Finding it was as impossible to argue with this financial genius as if he had been Chancellor of the Exchequer, and consequently the right man in the right place, I passed on meekly.
My mind now began to misgive me that the disappointed coach-maker had sent me on a wild-goose errand, and that there was no post- chaise in those parts. But coming within view of certain allotment-gardens by the roadside, I retracted the suspicion, and confessed that I had done him an injustice. For, there I saw, surely, the poorest superannuated post-chaise left on earth.
It was a post-chaise taken off its axletree and wheels, and plumped down on the clayey soil among a ragged growth of vegetables. It was a post-chaise not even set straight upon the ground, but tilted over, as if it had fallen out of a balloon. It was a post-chaise that had been a long time in those decayed circumstances, and against which scarlet beans were trained. It was a post-chaise patched and mended with old tea-trays, or with scraps of iron that looked like them, and boarded up as to the windows, but having A KNOCKER on the off-side door. Whether it was a post-chaise used as tool-house, summer-house, or dwelling-house, I could not discover, for there was nobody at home at the post-chaise when I knocked, but it was certainly used for something, and locked up. In the wonder of this discovery, I walked round and round the post-chaise many times, and sat down by the post-chaise, waiting for further elucidation. None came. At last, I made my way back to the old London road by the further end of the allotment-gardens, and consequently at a point beyond that from which I had diverged. I had to scramble through a hedge and down a steep bank, and I nearly came down a-top of a little spare man who sat breaking stones by the roadside.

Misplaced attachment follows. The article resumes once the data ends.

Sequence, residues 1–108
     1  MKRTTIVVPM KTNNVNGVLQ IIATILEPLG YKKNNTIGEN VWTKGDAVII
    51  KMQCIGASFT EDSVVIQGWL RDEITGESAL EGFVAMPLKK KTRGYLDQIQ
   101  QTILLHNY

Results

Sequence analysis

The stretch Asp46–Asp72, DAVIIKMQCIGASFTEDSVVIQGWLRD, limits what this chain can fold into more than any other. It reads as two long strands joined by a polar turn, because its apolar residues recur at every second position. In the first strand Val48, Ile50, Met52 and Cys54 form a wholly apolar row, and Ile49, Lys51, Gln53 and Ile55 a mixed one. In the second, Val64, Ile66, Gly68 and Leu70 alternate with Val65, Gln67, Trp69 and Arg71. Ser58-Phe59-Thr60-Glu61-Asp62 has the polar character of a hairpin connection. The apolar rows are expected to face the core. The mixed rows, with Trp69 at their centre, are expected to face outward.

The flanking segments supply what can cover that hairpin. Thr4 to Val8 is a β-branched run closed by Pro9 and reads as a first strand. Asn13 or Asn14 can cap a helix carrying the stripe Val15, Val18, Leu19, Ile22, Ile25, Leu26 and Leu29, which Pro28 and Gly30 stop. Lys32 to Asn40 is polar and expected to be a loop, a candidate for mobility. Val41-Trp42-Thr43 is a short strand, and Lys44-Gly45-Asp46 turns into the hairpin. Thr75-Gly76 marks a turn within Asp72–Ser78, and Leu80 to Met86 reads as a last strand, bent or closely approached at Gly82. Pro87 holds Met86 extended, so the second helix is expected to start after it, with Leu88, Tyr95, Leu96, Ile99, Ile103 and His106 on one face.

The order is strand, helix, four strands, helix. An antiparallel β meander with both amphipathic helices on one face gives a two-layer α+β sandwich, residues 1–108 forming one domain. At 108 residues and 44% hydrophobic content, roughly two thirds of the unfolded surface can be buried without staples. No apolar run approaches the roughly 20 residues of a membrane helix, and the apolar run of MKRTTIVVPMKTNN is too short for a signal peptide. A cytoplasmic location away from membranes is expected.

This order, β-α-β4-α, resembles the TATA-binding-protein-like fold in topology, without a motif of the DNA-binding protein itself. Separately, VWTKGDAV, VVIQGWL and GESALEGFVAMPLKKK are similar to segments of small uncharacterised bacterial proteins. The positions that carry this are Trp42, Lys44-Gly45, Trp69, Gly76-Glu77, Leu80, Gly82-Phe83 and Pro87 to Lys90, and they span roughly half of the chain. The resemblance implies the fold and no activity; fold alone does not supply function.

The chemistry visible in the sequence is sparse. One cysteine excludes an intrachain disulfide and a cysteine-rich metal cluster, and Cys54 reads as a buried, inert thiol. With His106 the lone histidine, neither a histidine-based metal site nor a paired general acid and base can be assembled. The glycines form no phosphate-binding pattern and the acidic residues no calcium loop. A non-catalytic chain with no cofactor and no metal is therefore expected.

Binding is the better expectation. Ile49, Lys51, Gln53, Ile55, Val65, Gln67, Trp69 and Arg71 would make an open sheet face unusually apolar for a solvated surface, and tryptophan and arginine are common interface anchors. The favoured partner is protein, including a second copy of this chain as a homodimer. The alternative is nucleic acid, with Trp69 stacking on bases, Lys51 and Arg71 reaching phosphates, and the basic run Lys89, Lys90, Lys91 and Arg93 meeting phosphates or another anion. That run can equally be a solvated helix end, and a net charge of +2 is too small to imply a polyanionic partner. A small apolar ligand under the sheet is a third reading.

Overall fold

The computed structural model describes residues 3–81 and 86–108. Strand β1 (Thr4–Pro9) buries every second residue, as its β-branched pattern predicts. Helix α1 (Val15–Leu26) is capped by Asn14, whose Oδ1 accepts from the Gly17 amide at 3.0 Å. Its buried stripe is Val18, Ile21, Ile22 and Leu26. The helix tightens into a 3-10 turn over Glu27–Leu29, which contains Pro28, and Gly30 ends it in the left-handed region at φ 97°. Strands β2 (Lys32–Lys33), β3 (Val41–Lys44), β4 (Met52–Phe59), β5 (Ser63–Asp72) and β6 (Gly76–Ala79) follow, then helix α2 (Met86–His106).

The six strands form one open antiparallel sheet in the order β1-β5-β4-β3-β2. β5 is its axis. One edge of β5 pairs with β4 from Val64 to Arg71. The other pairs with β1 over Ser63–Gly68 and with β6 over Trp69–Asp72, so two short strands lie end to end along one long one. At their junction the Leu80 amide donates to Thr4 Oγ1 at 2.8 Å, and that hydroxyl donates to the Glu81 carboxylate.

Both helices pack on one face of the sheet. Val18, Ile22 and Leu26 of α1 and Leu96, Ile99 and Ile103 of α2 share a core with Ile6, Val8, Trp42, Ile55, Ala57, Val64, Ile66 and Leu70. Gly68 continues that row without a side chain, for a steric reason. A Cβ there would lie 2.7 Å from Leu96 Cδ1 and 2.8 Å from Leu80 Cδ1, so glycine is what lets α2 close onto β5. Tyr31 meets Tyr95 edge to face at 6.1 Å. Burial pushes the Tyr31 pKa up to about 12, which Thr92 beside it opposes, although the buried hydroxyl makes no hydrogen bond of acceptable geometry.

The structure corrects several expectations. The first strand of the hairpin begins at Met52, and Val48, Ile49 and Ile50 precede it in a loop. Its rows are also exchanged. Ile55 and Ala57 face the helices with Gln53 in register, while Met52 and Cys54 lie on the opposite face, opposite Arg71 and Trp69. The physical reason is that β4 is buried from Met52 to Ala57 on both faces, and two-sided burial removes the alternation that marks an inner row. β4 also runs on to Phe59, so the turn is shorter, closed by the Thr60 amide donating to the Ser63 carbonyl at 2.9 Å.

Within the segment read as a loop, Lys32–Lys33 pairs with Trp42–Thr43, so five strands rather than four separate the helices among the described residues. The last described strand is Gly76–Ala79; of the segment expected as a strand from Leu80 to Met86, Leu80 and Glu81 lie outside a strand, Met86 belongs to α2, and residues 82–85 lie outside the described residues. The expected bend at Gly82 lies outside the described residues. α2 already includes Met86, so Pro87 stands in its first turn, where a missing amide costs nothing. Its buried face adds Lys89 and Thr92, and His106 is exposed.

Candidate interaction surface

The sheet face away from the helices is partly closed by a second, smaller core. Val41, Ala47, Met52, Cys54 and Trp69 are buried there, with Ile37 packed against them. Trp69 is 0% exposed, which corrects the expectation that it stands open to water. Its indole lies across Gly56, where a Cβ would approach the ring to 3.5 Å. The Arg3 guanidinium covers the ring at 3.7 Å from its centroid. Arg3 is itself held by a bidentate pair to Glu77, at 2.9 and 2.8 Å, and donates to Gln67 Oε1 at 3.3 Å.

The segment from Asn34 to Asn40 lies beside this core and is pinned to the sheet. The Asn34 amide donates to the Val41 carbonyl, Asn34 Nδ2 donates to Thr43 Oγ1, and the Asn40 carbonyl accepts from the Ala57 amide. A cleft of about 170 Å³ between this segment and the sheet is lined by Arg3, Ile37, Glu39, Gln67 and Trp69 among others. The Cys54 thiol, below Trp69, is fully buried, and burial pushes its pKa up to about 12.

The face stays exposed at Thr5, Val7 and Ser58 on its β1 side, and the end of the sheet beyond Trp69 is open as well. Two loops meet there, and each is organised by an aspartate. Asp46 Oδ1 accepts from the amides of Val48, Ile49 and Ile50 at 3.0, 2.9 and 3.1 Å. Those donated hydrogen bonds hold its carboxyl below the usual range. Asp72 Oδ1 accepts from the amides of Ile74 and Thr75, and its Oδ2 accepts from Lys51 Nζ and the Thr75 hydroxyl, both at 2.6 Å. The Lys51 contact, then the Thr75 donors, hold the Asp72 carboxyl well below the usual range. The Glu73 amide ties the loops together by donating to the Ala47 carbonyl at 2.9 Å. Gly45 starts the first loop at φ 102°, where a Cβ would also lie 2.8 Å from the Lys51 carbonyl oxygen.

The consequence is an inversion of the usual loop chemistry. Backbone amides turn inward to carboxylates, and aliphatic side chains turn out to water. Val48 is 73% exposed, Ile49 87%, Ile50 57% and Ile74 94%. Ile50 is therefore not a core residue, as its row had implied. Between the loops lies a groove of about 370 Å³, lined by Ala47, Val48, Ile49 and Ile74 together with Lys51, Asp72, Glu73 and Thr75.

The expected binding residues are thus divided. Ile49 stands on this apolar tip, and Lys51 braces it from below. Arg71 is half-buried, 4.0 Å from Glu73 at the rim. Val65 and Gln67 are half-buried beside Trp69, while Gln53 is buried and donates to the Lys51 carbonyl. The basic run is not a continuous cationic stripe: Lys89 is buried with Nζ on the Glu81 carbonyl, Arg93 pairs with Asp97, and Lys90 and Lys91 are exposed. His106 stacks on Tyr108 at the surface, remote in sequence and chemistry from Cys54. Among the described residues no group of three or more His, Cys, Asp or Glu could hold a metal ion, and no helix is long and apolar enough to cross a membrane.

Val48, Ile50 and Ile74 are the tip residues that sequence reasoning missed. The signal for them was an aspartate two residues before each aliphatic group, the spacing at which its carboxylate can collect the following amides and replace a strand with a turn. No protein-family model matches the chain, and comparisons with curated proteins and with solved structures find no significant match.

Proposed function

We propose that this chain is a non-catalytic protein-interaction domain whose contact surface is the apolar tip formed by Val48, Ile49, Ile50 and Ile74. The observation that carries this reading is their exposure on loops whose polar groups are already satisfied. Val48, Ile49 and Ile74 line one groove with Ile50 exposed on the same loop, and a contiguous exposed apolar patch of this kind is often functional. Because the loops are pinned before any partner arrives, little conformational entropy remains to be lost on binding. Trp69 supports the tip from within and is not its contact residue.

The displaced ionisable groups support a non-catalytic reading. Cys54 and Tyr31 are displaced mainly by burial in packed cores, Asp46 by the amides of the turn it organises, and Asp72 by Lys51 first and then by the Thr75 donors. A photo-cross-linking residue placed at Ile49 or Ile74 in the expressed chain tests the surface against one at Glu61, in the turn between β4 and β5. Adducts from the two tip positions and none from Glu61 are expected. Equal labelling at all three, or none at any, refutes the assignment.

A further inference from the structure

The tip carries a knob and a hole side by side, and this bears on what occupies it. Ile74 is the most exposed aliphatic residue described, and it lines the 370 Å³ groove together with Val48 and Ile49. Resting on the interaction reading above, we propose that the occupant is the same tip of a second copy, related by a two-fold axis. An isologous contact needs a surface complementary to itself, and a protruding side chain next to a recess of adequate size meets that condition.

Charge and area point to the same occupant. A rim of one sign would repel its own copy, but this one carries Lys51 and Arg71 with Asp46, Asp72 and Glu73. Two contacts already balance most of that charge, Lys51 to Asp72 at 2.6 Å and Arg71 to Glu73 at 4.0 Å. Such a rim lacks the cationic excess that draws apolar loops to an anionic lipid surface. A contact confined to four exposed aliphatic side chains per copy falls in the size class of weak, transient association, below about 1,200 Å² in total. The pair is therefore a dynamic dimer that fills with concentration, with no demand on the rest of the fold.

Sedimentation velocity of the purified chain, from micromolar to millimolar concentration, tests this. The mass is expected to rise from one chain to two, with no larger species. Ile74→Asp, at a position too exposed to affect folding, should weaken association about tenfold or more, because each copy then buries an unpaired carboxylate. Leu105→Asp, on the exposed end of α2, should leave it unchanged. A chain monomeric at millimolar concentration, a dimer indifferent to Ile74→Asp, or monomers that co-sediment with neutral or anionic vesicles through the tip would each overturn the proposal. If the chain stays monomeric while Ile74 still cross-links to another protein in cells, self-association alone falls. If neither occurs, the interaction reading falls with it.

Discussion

He stayed his hammer, and said, regarding me mysteriously through his dark goggles of wire:
'Are you aware, sir, that you've been trespassing?'
'I turned out of the way,' said I, in explanation, 'to look at that odd post-chaise. Do you happen to know anything about it?'
'I know it was many a year upon the road,' said he.
'So I supposed. Do you know to whom it belongs?'
The stone-breaker bent his brows and goggles over his heap of stones, as if he were considering whether he should answer the question or not. Then, raising his barred eyes to my features as before, he said:
Being quite unprepared for the reply, I received it with a sufficiently awkward 'Indeed! Dear me!' Presently I added, 'Do you—' I was going to say 'live there,' but it seemed so absurd a question, that I substituted 'live near here?'
The stone-breaker, who had not broken a fragment since we began to converse, then did as follows. He raised himself by poising his finger on his hammer, and took his coat, on which he had been seated, over his arm. He then backed to an easier part of the bank than that by which I had come down, keeping his dark goggles silently upon me all the time, and then shouldered his hammer, suddenly turned, ascended, and was gone. His face was so small, and his goggles were so large, that he left me wholly uninformed as to his countenance; but he left me a profound impression that the curved legs I had seen from behind as he vanished, were the legs of an old postboy. It was not until then that I noticed he had been working by a grass-grown milestone, which looked like a tombstone erected over the grave of the London road.